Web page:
After Meredith was shot and wounded on the second day, and had to be hospitalized, other prominent activists and many marchers joined the effort, taking up his cause. The marchers, including Martin Luther King and Dick Gregory, spent about a week demonstrating in Grenada against discrimination and for voters rights before moving on. During that time, the town officials appeared cooperative, protecting the marchers with local police.
They also hired six black voter registrars, who registered one thousand black residents during that week. But, after the march passed through, the county fired the registrars. It was reported later that summer that the town never entered the 1,000 new black voters on official rolls. They had to start all over again to gain official voter registration.
As the Civil Rights Movement continued to press in 1966 and 1967 for voter registration and opportunities in employment, the Southern Christian Leadership Conference (SCLC) ran a civil rights organizing project in Grenada which lasted at least 11 months. They worked to register voters and gain concessions for hiring African Americans in local businesses and restaurants. These were still segregated, although a federal anti-segregation law had been passed, as well as a voting rights law.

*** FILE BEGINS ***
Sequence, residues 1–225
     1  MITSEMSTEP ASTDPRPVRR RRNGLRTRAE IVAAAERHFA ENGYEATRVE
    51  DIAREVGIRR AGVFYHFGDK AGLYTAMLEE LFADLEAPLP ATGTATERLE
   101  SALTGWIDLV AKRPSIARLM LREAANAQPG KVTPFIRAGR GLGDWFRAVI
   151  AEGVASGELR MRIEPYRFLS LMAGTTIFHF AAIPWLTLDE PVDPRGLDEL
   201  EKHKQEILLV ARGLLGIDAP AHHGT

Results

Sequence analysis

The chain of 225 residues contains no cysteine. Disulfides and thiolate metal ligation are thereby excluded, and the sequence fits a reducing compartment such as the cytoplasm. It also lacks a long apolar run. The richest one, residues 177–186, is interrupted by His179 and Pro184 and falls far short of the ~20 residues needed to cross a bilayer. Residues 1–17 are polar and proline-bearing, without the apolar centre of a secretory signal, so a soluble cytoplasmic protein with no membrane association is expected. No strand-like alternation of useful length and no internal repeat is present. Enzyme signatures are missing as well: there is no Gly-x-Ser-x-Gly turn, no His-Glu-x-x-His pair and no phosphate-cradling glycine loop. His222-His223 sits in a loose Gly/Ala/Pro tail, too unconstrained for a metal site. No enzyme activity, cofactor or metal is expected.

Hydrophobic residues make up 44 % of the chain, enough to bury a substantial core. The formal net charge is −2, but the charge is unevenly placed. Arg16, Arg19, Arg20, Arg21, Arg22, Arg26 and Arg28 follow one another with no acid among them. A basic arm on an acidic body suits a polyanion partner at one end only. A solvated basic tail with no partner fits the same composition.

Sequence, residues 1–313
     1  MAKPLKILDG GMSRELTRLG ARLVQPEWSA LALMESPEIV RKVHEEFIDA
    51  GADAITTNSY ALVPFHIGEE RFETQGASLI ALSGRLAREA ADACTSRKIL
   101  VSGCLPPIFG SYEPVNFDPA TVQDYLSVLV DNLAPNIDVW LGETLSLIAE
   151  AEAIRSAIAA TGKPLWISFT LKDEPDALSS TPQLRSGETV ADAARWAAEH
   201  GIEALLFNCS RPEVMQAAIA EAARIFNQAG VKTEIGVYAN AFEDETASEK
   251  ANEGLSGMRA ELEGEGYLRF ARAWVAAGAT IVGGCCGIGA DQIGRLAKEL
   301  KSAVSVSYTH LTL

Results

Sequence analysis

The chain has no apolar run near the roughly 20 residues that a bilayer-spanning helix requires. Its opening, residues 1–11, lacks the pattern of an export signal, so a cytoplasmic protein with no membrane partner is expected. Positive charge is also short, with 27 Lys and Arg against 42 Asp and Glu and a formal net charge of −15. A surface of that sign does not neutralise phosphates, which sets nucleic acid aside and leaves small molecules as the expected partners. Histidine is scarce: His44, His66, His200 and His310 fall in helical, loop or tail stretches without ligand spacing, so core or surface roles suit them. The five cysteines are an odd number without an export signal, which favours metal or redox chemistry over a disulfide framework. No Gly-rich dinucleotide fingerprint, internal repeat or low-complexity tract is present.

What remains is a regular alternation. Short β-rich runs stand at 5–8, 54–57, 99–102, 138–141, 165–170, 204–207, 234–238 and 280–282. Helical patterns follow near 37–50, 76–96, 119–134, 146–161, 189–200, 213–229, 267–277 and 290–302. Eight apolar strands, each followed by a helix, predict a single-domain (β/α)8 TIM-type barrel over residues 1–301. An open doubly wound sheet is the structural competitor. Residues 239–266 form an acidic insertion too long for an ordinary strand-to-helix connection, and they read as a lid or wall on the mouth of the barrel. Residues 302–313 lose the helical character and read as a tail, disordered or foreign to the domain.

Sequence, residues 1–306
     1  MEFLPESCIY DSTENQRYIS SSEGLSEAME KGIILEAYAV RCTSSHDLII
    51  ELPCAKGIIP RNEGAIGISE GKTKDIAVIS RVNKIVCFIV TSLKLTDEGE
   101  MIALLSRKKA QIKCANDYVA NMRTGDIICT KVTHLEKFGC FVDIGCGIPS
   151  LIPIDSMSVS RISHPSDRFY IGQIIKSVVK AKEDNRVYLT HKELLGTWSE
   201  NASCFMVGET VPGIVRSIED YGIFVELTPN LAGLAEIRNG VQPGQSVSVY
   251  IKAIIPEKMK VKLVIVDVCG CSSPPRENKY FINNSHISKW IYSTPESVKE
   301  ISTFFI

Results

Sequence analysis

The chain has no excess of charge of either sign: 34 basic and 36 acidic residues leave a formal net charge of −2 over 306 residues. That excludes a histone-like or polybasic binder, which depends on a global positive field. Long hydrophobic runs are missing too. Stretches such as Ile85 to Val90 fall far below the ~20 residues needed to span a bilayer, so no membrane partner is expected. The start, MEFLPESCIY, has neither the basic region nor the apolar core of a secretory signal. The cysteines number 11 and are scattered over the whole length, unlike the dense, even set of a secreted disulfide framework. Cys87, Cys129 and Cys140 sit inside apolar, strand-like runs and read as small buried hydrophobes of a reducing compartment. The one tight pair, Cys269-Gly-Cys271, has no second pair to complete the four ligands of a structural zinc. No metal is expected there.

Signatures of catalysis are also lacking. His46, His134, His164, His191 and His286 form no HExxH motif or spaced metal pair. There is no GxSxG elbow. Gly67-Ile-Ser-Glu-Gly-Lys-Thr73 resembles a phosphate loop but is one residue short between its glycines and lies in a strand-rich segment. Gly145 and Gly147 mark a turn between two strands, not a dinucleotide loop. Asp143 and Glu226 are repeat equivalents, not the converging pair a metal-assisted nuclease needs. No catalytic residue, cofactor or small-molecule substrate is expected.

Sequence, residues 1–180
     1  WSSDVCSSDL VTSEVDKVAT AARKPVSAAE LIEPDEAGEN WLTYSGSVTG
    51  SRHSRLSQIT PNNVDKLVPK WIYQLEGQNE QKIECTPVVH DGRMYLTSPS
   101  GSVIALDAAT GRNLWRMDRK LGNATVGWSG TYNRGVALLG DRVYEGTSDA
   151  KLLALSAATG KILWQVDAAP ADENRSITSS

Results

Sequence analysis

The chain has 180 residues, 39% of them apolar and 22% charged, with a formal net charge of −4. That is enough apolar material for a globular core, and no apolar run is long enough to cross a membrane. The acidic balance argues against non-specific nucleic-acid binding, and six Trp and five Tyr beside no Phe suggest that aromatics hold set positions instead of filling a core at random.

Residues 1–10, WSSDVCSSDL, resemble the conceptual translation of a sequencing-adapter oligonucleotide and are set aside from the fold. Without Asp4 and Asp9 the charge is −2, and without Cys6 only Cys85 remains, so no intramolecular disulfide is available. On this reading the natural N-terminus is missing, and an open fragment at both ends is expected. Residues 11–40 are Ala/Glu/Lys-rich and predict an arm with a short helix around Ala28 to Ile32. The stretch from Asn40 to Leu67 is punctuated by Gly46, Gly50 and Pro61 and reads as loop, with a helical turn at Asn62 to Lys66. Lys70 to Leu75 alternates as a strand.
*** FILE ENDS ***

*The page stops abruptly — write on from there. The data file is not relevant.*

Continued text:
Grenada is situated on the south bank of the Yalobusha River. Grenada Lake is located a short distance from the city. Grenada Lake is a man made lake that falls under the supervision of the Army Corps of Engineers.
According to the United States Census Bureau, the city has a total area of 30.0 square miles (78 km2), of which 30.0 square miles (78 km2) is land and 0.03% is water.
|U.S. Decennial Census|
As of the census of 2000, there were 14,879 people, 5,701 households, and 3,870 families residing in the city. The population density was 496.8 people per square mile (191.8/km²). There were 6,210 housing units at an average density of 207.3 per square mile (80.1/km²). The racial makeup of the city was 49.28% White, 49.34% African American, 0.16% Native American, 0.50% Asian, 0.02% Pacific Islander, 0.12% from other races, and 0.56% from two or more races. Hispanic or Latino of any race were 0.70% of the population.